The genetic architecture of human cortical folding
Dennis van der Meer,
Alexey A Shadrin,
Jennifer Monereo Sánchez,
Christiaan de Leeuw,
Wesley K Thompson,
Robert J. Loughnan,
Chun Chieh Fan,
Paul M. Thompson,
Lars T. Westlye,
Ole A. Andreassen,
Anders M Dale
Posted 13 Jan 2021
bioRxiv DOI: 10.1101/2021.01.13.426555
Posted 13 Jan 2021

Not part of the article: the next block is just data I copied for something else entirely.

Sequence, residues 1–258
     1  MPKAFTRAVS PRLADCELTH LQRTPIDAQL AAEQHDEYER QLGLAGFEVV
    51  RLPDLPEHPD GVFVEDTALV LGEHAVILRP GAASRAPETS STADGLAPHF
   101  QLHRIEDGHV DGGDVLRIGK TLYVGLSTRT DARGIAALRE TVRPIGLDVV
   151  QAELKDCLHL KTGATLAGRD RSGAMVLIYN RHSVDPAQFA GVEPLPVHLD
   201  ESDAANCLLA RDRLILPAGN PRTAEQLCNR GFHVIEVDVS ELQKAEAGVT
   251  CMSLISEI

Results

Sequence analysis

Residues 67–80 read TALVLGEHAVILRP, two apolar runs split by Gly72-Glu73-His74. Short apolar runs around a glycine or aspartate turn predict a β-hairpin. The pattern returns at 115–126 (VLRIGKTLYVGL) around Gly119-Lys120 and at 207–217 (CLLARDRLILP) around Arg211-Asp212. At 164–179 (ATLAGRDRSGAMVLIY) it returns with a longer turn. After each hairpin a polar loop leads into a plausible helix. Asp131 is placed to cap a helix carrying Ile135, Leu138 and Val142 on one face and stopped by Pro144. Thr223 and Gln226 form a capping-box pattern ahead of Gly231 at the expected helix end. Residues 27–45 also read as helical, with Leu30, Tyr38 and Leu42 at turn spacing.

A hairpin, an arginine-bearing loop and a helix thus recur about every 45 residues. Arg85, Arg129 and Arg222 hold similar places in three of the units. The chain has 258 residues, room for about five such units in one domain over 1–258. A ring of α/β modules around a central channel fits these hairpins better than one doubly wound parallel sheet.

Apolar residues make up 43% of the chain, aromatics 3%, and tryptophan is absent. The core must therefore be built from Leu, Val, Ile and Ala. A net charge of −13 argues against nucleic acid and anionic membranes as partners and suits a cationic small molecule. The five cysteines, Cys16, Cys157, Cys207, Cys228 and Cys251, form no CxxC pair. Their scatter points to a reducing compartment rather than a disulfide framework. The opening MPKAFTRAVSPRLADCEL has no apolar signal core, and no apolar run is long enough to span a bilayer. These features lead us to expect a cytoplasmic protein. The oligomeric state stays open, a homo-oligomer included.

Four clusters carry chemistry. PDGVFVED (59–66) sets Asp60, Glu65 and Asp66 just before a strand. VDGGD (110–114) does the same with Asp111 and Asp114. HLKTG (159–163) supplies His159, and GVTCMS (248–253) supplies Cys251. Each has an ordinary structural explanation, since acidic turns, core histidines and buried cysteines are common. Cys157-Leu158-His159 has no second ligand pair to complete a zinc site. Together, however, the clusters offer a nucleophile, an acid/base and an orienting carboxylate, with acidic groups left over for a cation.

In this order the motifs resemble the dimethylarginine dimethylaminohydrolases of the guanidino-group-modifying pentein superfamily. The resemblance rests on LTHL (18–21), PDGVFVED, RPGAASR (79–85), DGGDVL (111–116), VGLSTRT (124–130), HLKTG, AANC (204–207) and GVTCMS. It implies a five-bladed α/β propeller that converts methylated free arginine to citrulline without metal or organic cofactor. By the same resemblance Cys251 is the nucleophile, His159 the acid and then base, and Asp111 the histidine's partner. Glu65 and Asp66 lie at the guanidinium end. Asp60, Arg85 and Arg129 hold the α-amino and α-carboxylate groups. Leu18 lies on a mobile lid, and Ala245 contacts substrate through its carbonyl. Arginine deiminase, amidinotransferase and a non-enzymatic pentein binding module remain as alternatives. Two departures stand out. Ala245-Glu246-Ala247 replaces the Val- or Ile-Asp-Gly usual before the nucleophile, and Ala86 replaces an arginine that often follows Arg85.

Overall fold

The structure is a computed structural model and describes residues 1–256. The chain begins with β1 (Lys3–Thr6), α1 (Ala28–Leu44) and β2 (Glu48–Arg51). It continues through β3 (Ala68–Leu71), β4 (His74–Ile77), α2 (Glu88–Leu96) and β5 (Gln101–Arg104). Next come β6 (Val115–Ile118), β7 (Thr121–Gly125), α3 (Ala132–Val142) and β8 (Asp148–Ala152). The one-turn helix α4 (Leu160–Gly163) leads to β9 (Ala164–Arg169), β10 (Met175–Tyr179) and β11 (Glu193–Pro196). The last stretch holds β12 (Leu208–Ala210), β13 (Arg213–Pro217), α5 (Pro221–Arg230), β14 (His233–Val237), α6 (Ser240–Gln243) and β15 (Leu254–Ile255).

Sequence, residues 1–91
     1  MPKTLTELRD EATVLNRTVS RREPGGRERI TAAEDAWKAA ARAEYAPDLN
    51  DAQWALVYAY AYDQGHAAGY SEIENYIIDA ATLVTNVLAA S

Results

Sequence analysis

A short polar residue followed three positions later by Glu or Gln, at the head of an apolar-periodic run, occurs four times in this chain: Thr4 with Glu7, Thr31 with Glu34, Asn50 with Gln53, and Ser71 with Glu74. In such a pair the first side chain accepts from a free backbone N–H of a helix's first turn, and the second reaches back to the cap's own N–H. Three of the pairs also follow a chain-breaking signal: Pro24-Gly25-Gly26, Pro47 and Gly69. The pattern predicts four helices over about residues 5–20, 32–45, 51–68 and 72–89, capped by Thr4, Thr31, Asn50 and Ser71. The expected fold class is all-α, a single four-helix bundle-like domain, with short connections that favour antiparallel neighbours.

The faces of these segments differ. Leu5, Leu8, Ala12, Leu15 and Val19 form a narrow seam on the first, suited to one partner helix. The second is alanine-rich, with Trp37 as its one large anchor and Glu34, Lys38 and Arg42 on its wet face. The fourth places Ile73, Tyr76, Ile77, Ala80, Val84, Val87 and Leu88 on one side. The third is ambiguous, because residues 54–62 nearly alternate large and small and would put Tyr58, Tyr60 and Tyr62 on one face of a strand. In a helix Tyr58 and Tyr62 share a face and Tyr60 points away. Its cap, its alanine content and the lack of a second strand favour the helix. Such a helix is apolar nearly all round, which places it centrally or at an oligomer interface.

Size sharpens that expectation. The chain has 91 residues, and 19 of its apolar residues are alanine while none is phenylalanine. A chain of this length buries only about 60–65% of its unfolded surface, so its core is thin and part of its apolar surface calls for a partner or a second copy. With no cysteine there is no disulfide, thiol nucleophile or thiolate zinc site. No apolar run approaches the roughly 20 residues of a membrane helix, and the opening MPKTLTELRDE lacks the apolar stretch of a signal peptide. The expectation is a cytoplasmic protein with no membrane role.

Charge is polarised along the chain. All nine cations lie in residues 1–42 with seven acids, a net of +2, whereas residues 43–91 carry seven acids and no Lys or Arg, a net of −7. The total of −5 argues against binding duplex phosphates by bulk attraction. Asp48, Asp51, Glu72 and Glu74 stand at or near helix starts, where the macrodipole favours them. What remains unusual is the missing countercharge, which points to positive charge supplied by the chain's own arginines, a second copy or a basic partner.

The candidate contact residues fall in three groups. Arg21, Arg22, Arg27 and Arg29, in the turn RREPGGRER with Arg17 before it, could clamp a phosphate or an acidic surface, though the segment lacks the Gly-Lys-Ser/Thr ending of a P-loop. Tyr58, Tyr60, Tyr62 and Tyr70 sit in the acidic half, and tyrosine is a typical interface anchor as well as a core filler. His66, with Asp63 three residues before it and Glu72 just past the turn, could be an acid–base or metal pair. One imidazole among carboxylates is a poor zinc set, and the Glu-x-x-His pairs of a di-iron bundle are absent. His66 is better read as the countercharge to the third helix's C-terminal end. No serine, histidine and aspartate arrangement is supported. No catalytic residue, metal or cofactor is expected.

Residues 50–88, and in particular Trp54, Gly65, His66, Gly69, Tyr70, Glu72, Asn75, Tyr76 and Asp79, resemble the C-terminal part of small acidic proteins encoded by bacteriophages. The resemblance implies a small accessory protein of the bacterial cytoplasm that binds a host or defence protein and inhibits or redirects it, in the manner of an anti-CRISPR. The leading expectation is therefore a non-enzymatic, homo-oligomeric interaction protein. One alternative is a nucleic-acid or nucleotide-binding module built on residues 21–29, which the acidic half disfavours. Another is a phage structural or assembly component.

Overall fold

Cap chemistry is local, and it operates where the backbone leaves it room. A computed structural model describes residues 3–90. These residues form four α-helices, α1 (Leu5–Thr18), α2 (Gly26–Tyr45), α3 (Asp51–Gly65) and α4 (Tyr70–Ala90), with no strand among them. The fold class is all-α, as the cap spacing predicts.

The folding of the human cerebral cortex is a highly genetically regulated process that allows for a much larger surface area to fit into the cranial vault and optimizes functional organization. Sulcal depth is a robust, yet understudied measure of localized folding, previously associated with a range of neurodevelopmental disorders. Here, we report the first genome-wide association study of sulcal depth. Through the Multivariate Omnibus Statistical Test (MOSTest) applied to vertex-wise measures from 33,748 participants of the UK Biobank (mean age 64.3 years, 52.0% female) we identified 856 genetic loci associated with sulcal depth at genome-wide significance (p=5x10-8). Comparison with two other measures of cortical morphology, cortical thickness and surface area, indicated that sulcal depth has higher yield in terms of loci discovered, higher heritability and higher effective sample size. There was a large amount of genetic overlap between the three traits, with gene-based analyses indicating strong associations with neurodevelopmental processes. Our findings demonstrate sulcal depth is a promising MRI phenotype that may enhance our understanding of human cortical morphology.
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